Father's Day is June 16

When we pulled up to Ikehara Shuzo this past February, I would have never guessed that the building housed an awamori distillery. Situated in a residential neighborhood with no interior space to waste, the pint-sized distillery and tasting room is extremely organized, well-planned, and spotless – with all the fermentation tanks in one room, the still in the main room, with the bottling room screened off by a glass door.

Yu Ikehara oversees operations at Ikehara Shuzo as third generation CEO – his great-grandparents started the company making miso, soy sauce and awamori in 1951, and was left to his great-grandmother Nobuko to manage (along with raising her family) when her husband passed away at 40.

Ikehara led us through a tasting of his portfolio and gave us a little education on awamori, his production methods, and his beloved Ishigaki Island. He told us that back in the days of his great grandparents, everyone made their own awamori at home and that before the war, the black koji strain called Aspergillus Luchuensis aka Inui was widely used. Today, awamori is mainly made with either the black koji strains Aspergillus Awamori (produces umami) or Aspergillus Saitoi (produces acidity). Ikehara is making huge waves with the use of Inui – it helps create an awamori that incorporates umami, acidity, and depth, and has won several international awards.

The lineup of awamori made at Ikehara Shuzo: Akauma, Shirayuri, and their flagship brand.

Ikehara was 24 years old when he took over the distillery, and in 2021, released Shirayuri, made with Inui koji, to acclaim. Made by just two employees, Shirayuri is a bombshell of a drink, and dammit, how on earth does it taste like it’s been aging for years?!?? That, my friends, must be the magical, historic Inui mold. We have yet to see what else Ikehara comes up with – the future of awamori is bright and ever-evolving.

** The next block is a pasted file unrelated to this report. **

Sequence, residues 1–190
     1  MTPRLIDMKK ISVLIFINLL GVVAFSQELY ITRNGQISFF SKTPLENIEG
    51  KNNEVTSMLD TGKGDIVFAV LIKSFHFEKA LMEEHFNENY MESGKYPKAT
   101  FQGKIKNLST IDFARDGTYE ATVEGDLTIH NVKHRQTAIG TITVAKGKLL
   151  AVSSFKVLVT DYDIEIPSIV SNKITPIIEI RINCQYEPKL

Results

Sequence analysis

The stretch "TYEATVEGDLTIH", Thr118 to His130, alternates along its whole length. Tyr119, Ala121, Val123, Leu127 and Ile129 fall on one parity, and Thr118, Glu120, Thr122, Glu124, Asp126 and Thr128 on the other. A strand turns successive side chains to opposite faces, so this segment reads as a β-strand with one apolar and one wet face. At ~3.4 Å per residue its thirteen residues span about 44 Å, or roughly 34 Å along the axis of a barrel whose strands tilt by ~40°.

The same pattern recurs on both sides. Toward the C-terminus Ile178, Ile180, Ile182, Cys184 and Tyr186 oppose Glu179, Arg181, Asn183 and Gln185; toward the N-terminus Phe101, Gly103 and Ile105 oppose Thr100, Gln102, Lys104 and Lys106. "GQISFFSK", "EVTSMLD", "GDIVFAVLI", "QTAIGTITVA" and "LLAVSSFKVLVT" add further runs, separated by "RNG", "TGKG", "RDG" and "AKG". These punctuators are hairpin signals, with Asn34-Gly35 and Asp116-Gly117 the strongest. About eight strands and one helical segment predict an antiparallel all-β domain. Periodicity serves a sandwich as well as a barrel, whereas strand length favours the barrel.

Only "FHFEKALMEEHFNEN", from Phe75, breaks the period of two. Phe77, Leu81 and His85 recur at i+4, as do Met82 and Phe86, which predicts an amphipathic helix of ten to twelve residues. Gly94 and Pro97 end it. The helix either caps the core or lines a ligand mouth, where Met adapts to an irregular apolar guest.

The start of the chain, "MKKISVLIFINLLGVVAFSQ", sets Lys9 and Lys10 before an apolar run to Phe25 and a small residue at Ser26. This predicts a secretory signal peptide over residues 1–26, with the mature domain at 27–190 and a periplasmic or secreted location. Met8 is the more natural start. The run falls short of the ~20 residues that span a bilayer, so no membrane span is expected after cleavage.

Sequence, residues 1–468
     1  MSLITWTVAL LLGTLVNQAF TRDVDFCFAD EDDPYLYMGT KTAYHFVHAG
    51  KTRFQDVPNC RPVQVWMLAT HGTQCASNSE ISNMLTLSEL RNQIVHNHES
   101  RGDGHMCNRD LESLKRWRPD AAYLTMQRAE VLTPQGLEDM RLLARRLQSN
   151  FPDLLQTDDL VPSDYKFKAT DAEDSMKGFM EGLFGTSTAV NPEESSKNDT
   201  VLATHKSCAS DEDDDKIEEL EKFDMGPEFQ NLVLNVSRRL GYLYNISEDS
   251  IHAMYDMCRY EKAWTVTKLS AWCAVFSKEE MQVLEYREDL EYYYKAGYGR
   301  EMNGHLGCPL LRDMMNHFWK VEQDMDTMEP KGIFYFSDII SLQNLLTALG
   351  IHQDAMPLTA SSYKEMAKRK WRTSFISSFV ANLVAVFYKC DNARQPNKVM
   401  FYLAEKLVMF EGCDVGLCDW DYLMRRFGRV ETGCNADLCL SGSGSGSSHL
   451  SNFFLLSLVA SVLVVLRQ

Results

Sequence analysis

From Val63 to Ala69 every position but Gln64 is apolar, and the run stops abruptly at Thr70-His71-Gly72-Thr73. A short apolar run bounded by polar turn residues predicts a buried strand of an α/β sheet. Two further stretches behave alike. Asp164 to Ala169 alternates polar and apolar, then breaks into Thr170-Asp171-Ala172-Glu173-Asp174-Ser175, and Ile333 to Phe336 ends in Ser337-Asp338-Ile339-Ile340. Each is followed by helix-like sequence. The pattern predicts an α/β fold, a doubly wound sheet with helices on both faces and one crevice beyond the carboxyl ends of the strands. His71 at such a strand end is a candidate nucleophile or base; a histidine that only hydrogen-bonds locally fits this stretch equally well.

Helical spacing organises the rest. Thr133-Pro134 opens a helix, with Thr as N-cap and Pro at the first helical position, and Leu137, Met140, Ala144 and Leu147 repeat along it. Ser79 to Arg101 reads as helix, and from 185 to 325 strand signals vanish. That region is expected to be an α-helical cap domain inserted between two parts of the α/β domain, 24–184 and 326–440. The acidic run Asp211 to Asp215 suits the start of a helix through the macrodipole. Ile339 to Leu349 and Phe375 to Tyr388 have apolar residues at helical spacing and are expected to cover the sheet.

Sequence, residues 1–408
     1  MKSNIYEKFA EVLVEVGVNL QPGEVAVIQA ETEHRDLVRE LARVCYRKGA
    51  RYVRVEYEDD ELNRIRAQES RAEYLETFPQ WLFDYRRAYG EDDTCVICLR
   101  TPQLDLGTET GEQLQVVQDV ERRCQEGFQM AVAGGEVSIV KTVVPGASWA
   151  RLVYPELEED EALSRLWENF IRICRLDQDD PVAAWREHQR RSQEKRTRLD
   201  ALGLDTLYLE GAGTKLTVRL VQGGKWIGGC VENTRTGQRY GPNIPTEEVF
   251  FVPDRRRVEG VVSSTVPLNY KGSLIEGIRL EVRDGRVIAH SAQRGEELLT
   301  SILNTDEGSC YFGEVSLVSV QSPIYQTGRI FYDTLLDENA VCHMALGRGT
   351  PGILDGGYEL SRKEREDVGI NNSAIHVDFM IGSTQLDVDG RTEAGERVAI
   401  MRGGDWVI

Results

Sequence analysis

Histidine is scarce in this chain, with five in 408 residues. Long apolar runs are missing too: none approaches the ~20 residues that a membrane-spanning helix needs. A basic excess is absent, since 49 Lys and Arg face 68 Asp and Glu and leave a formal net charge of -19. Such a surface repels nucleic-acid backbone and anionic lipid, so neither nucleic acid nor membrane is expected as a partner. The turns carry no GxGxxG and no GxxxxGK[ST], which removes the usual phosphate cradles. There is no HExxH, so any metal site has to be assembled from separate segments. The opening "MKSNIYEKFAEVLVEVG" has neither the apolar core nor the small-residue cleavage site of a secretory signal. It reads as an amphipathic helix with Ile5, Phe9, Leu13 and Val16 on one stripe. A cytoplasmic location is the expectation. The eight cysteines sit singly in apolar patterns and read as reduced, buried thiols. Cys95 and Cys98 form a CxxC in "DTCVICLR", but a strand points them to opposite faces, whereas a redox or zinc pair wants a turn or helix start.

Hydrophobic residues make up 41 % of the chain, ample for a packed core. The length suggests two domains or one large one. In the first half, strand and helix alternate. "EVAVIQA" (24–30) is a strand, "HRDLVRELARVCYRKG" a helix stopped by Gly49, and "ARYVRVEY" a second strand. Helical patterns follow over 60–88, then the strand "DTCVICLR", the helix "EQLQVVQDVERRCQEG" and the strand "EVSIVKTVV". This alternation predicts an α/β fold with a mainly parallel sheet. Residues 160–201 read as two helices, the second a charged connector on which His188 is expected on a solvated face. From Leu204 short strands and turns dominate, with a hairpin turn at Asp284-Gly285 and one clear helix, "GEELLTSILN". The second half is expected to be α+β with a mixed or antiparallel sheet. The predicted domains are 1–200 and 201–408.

Entrance to the production room:

Ikehara makes koji by hand here.
We were incredibly lucky to visit during the fermentation period for Shirayuri, made with Thai rice and black koji Inui. Awamori is a zenkoji spirit, meaning the entire mash is koji, whereas most shochus are only about one quarter to a third, at most, koji to starch base. 
I loved seeing the mash, taking in the earthy scents, and listening to the faint bubbles.
Yoko and me with Shirayuri!

They distill everything in here!

Ikehara does age Shirayuri at all – it is distilled then bottled right away. Thanks to the Inui mold, it actually tastes aged! 
The quaint and spotlessly clean bottling room.
A magazine featuring Ikehara with his grandparents, second and third generation owners.

An old bottle of Akauma, an awamori they have been making for decades.
Thank you Yu-san for a tour of your incredible distillery! We eagerly await your next release. 
A special thank you to Itaki-san and the entire Jetro Okinawa group for hosting us!